Review of the Day: On Christmas Eve
Are you impressed with me? I typed this one out on my lunch break. How's THAT for dedication, eh? Eh? No picture until tomorrow, though. You'll just have to be patient with me.
A person cannot really choose how every given book comes to their attention. Take, “On Christmas Eve” as an example. I hadn’t even heard of Ann Martin’s attempt to give a little something to the tradition of Christmas fiction until a co-worker of mine handed it to me with an expression of deep distaste. Sugary sweet, was how she described it. Sacchrine. Cutesy and nostalgic too. It was an interesting criticism. As long time Ann Martin fan (can I tell you how thrilled I am about the recent Babysitter’s Club graphic novels?) I’ve found her writing to be many things, but not usually ootsy-cutesy. Now this co-worker of mine was unfamiliar with some classic Christmas stories and staples, so maybe that contributed to her confusion. And certainly the nostalgic feel is going to hit some harder than others. But on the whole the book is a weird mix of magic and religion with a sweet undercurrent to it. Oddly enough, I liked it more than some of the people I know who’ve read it, but like “The Miraculous Journey of Edward Tulane”, it is NOT for everybody. Or, for that matter, every child.
Tess begins with this, “It was Christmas Eve of 1958 when I saw Santa Claus, the real Santa Claus”. Growing up in the 1950s with her mother, father, older sister, and best friend/pet Sadie the dog, life is good. Of course, there are some problems. Tess’s best friend Sarah is having a rough time. Her father has cancer and he may not be home in time for Christmas this year. Fortunately, Tess has a plan. This year she’s going to meet Santa for real. She has it all planned out. She’ll just stay awake until he arrives and then ask him to make Sarah’s dad better. In the meantime there’s a whole host of fabulous Christmas celebrating to be done. Unfortunately, Tess has to learn that while Santa may embody all the magic of the season, a person may not always get what they want in the form that they want it.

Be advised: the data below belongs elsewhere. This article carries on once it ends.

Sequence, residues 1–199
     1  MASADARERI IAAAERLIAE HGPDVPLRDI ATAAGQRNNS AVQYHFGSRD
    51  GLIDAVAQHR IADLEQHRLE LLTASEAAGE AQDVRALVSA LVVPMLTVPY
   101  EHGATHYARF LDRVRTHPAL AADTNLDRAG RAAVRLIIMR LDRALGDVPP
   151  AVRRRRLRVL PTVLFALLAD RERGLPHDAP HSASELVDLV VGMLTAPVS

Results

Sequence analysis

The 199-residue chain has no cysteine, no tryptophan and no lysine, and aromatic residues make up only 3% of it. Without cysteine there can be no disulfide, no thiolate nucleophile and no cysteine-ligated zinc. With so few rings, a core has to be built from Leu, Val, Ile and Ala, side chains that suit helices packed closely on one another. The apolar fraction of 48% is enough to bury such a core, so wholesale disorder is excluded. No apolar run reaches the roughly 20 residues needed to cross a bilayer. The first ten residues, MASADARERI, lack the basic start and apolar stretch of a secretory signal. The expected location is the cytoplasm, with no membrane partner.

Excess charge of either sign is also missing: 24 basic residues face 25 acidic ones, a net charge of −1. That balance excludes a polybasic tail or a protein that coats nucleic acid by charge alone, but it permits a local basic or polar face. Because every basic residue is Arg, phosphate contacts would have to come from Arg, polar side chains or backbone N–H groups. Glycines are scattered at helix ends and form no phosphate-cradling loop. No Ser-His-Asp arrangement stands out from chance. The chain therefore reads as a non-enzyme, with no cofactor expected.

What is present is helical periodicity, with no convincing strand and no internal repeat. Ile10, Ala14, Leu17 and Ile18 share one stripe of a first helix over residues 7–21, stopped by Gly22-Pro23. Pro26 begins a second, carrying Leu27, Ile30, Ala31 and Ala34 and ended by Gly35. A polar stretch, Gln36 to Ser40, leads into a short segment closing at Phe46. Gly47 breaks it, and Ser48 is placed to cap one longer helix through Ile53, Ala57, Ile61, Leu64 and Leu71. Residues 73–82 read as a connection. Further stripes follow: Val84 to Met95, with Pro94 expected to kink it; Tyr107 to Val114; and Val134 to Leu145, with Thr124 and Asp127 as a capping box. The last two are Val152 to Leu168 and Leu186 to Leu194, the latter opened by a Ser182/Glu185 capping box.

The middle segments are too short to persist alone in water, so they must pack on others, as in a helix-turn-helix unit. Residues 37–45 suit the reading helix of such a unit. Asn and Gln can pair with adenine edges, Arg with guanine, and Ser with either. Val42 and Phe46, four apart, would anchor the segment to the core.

I think a lot of the charm of this book comes with its familiarity. When Tess is getting dressed to go to church to watch the Christmas pageant and it’s already getting dark, that was a familiar feeling to me. For a lot of kids, it’ll strike them as realistic. Not so much the non-churchgoing ones, of course. But for a select group, this book will speak to them. The baking of gingerbread men, making snowmen, trimming the tree, smelling the good spices and holiday food... it’s all here. You just want to sink into it and enjoy yourself. Early chapter Christmas books like this one tend to talk about things that happen because of Christmas, but they rarely take time to snuggle into the season itself. Martin takes the time, and she’s at her strongest when she conveys the cozy feel of the season.
I should mention that the tone of the book is interesting. It contains phrases like, “She is beside herself with excitement”, that any other author might flub or make especially precious. In the case of “On Christmas Eve”, however, such sentences are just fine. They fit. Less so lines like, “Christmas and Santa are all about hope”, which even Martin can’t pull off without sounding a tad trite. Much of the story, though certainly not all of it, is concerned with conveying the importance of believing in Santa and his magic. Yet when it did so I couldn’t help but think that this book said in 128 pages what “The Polar Express” was able to say in 30.
There’s also an odd kind of Santa worship going on here. Martin makes it very clear that Santa is not God. He can’t cure cancer (though the answer to why he doesn’t give poor kids toys is a little oblique). Just the same, for a while here he’s all that Tess can think about. Then the book tries to work in the miracle of Baby Jesus (it is HIS holiday too, after all) and gets a tiny bit muddled when it tries to shove together the Santa myth with the religious tone. Once the book starts distinguishing between magic and miracles it just gets way too confusing. Adults reading this book to their children should be prepared for some upfront questions along the lines of, “Did Jesus make Santa Claus?”. Lord know I don’t have an answer to that. I hope you do.
Aw, but how can I not want to just hug this book to my chest when I think of how well it conveyed the season? This book is comfort food, pure and simple. It will not offer sustenance or provide for all your Christmas literary needs, but for some people it will be a welcome addition to their home. For others it will strike them as syrupy goo. I fall somewhere in the middle, enjoying much of it, scratching my head in confusion at other parts. Depending on what you wish to get out of it, “On Christmas Eve” may or may not serve your needs. Hand it to the child that you can guarantee will love it.
On shelves October 1st.